How Partially Self-Funded Employers Protect from Claim Risk

There are THREE TYPES OF CLAIM RISKS that Self-Funded employers must consider. Here are those risks followed by how most Partially Self-Funded employers manage those risks:
1. What if a member of the health plan has a catastrophically costly claim?
What if a member of the health plan has a catastrophically costly claim? Self-Funded employers purchase Specific Stop-Loss insurance. These policies protect the employer from high claims incurred by one specific member. The employer gets to choose a claims threshold that they are willing to pay up to.


EXAMPLE:
The employer may be willing to pay the first $75,000 of claims on any one specific member (less any applicable cost sharing that the member is responsible for). The Specific Stop-Loss carrier would then pay all claims over $75,000, even if the total claim was $1,000,000 since these types of policies offer unlimited benefits. The employer is only responsible for the claims under the Specific Stop-Loss Deductible, which in this example was set at $75,000.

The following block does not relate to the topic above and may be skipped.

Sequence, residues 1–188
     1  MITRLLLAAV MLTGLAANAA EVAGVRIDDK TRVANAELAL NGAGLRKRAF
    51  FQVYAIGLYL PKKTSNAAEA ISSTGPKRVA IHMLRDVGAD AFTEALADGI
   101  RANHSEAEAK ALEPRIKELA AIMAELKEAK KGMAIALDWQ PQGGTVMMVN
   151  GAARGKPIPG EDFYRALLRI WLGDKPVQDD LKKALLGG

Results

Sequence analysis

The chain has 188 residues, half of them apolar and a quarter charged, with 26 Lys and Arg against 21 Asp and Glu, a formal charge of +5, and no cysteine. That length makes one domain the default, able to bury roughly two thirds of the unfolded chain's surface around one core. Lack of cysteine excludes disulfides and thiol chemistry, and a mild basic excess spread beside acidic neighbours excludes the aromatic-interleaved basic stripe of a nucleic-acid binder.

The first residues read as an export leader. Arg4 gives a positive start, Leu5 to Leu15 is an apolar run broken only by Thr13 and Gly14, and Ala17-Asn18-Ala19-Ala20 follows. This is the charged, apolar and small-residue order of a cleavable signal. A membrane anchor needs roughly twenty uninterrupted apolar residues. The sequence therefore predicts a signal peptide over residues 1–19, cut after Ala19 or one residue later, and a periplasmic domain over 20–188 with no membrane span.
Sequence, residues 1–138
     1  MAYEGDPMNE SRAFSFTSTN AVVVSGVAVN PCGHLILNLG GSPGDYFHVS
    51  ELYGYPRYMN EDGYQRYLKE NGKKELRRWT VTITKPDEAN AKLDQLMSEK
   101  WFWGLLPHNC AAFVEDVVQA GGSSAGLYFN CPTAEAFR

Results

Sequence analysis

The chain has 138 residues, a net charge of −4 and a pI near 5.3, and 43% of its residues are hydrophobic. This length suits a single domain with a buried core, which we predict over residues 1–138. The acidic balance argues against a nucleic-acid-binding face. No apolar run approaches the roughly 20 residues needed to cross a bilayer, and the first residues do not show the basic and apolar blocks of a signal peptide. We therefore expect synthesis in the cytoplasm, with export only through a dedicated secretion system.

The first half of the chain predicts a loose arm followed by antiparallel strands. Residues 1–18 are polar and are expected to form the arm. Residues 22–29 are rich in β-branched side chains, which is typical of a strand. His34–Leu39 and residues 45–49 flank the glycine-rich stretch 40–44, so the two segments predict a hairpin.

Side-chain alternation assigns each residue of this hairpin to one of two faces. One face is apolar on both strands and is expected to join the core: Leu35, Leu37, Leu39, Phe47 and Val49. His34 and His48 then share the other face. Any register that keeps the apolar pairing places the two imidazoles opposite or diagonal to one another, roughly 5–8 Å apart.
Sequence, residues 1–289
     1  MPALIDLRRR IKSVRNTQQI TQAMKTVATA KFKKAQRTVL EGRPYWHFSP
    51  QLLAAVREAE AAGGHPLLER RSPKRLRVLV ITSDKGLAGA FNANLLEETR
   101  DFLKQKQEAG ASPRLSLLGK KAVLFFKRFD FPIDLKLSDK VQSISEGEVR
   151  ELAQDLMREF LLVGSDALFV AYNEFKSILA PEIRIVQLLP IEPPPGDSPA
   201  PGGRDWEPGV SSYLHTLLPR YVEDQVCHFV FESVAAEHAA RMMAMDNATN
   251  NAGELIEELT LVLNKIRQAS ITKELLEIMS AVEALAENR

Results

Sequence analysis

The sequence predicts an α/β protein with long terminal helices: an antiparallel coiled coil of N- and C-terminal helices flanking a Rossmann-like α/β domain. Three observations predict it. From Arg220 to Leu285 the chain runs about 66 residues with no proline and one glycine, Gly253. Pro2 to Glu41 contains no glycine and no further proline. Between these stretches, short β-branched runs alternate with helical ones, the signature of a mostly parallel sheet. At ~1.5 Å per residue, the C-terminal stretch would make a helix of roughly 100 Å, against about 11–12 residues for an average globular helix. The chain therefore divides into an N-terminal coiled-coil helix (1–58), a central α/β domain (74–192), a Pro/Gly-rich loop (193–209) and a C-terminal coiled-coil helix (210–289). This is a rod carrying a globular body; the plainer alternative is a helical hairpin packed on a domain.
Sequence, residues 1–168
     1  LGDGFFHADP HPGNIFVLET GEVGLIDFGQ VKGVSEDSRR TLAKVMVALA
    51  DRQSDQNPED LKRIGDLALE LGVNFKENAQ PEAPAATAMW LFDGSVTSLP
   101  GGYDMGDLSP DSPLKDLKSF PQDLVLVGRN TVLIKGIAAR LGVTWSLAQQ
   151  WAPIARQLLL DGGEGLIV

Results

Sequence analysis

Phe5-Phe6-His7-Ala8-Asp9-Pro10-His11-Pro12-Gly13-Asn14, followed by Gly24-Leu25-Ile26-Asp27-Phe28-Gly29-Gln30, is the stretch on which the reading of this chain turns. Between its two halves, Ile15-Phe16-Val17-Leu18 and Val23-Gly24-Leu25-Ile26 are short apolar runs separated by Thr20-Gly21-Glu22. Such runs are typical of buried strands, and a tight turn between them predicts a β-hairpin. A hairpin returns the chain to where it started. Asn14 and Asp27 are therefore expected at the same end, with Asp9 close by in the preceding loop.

2. What if none of the members have a catastrophic claim but many of the members have moderately high claims?
What if none of the members have a catastrophic claim but many of the members have moderately high claims? Self-Funded employers also purchase Aggregate Stop-Loss insurance. This policy works in tandem with the Specific Stop-Loss policy and is always issued by the same Stop-Loss insurance company. This policy works by aggregating all of the claims under the Specific Stop-Loss Deductible that are incurred by each member and then provides what is known as an Aggregate Stop-Loss Deductible (also known as an Attachment Point). Once total claims from all members (only claims under $75,000 in this example,) exceed the Aggregate Stop-Loss Deductible, then the Aggregate Stop-Loss policy kicks in and begins paying all of the claims under $75,000 per member for the remainder of the plan year. Claims over $75,000 per member are always going to be paid by the Specific Stop-Loss policy. The employer is only liable to pay claims up to $75,000 per member and only up to the total amount indicated by the Aggregate Stop-Loss Deductible (the attachment point).